From a childhood survivor of the Camdodian genocide under the regime of Pol Pot, this is a riveting narrative of war crimes and desperate actions, the unnerving strength of a small girl and her family, and their triumph of spirit. One of seven children of a high-ranking government official, Loung Ung lived a privileged life in the Cambodian capital of Phnom Penh until the age of five.
Then, in April 1975, Pol Pot’s Khmer Rouge army stormed into the city, forcing Ung’s family to flee and, eventually, to disperse. Loung was trained as a child soldier in a work camp for orphans, her siblings were sent to labor camps, and those who survived the horrors would not be reunited until the Khmer Rouge was destroyed. Harrowing yet hopeful, Loung’s powerful story is an unforgettable account of a family shaken and shattered, yet miraculously sustained by courage and love in the face of unspeakable brutality.
Catfish and Mandala is the story of an American odyssey―a solo bicycle voyage around the Pacific Rim to Vietnam―made by a young Vietnamese-American man in pursuit of both his adopted homeland and his forsaken fatherland. Andrew X. Pham was born in Vietnam and raised in California. His father had been a POW of the Vietcong; his family came to America as “boat people.” Following the suicide of his sister, Pham quit his job, sold all of his possessions. And he embarked on a year-long bicycle journey that took him through the Mexican desert, around a thousand-mile loop from Narita to Kyoto in Japan. And, after five months and 2,357 miles, to Saigon, where he finds “nothing familiar in the bombed-out darkness.”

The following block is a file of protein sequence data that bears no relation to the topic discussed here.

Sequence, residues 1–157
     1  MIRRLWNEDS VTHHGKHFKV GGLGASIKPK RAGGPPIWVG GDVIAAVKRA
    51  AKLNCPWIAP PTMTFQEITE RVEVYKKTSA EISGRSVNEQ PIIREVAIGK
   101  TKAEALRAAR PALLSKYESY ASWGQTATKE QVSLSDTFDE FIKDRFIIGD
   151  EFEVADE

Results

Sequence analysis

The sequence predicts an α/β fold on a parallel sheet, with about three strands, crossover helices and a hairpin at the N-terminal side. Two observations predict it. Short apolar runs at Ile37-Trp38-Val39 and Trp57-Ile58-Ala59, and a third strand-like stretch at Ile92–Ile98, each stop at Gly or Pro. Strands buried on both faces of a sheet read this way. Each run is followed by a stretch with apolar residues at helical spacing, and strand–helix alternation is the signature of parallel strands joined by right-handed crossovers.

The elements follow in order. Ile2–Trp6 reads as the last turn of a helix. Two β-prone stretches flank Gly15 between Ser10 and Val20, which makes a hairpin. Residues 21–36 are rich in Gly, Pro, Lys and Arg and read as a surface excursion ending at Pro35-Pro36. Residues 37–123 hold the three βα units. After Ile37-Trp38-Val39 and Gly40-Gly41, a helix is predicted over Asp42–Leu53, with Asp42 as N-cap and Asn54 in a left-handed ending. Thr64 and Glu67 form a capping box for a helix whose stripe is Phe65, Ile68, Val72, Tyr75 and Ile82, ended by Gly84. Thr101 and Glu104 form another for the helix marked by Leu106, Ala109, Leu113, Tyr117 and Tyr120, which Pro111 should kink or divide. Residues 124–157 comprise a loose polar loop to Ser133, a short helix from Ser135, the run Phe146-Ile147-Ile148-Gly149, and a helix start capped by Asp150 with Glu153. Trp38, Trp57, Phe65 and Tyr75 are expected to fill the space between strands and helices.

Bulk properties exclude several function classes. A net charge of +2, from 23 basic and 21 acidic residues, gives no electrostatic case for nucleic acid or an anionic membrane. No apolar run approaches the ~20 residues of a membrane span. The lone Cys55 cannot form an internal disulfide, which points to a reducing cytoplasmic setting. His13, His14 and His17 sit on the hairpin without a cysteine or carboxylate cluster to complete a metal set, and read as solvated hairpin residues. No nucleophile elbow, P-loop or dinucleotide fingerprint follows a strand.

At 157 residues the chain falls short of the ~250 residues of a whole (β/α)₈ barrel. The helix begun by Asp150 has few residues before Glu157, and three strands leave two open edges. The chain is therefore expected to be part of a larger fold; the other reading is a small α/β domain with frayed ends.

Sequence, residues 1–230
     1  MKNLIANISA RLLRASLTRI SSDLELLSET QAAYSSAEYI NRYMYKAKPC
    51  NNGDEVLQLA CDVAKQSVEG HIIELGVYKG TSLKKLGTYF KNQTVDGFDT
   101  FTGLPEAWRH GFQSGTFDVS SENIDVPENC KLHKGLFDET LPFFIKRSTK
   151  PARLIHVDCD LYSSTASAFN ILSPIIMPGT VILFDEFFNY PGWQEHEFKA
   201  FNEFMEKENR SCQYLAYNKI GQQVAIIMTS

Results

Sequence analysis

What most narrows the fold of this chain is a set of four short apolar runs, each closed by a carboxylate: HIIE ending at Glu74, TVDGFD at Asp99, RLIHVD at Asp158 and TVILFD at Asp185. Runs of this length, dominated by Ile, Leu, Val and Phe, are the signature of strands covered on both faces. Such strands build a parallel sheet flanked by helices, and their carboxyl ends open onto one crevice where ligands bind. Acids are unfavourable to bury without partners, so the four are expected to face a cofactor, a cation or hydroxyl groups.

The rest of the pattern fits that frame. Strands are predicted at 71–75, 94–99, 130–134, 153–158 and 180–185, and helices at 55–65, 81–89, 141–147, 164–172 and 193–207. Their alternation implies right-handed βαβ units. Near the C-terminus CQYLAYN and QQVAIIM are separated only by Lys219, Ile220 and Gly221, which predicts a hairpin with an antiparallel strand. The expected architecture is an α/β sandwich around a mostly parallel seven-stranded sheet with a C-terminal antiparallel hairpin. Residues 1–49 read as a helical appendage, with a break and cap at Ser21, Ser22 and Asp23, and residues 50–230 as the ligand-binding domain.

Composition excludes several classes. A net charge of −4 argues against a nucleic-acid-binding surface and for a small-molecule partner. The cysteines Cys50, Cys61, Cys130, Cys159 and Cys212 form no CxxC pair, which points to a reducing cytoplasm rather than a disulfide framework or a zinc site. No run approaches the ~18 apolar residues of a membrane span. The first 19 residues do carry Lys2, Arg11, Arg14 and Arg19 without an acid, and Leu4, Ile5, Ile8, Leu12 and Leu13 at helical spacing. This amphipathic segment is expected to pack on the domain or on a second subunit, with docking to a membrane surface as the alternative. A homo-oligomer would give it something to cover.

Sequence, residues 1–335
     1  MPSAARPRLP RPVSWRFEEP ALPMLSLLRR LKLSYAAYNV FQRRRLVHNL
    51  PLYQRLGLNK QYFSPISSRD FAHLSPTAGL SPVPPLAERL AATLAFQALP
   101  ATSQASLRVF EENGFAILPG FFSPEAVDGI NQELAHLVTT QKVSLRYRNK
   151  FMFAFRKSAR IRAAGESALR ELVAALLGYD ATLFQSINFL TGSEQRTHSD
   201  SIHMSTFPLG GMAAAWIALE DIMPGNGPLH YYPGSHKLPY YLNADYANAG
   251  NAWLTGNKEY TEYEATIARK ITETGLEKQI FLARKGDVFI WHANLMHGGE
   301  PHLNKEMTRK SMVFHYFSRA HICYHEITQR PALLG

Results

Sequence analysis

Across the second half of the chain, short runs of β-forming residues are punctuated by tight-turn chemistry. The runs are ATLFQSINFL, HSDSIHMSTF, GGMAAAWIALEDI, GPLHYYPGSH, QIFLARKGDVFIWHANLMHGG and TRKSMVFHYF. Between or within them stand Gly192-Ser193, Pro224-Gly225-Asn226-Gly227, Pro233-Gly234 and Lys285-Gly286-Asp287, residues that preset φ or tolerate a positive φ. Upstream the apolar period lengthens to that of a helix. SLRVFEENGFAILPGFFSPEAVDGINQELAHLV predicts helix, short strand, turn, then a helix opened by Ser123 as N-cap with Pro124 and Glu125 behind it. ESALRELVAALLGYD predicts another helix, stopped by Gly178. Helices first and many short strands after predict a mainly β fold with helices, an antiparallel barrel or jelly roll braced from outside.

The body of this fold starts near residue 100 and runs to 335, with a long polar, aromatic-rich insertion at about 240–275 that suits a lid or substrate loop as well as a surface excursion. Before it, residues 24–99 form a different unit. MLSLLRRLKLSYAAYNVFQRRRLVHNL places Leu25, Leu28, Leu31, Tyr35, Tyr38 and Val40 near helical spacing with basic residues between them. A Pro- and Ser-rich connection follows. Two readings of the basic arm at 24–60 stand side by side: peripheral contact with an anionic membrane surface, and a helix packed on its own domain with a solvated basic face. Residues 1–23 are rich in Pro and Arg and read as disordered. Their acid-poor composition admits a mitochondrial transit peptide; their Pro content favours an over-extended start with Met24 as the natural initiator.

In Vietnam, he’s taken for Japanese or Korean by his countrymen, except, of course, by his relatives, who doubt that as a Vietnamese he has the stamina to complete his journey (“Only Westerners can do it”); and in the United States, he’s considered anything but American. A vibrant, picaresque memoir written with narrative flair and an eye-opening sense of adventure, Catfish and Mandala is an unforgettable search for cultural identity. This story was one of the most inspiring i have read and is one of the best travel-related books you can ask for.
Ilija Trojanow traveled along the Ganges, from the source, where it breaks free from the eternal ice in the Himalayas, to the great cities, by boat, by bus, on overcrowded trains. He visited the great Hindu festivals and talked to those who warn of ecological disasters resulting from gigantic dams.
With reminiscences of the early days of female climbers on Everest, the deaths of fellow mountaineers, Tabei’s pursuit of Mount Tomur, a cancer diagnosis, and efforts to restore a love for nature in the surviving youth of the Fukushima earthquake and tsunami that hit Japan in 2011, this beautifully curated collection of essays captures the essence of a notable time and the strength of character of one of the 20th and 21st centuries’ female mountaineering pioneers.
Traveling from the bureaucratic morass of Bombay to the ethereal beauty of Kashmir, from a sacred ice cave in the Himalayas to an abandoned temple near Madras, Naipaul encounters a dizzying cross-section of humanity: browbeaten government workers and imperious servants, a suavely self-serving holy man and a deluded American religious seeker.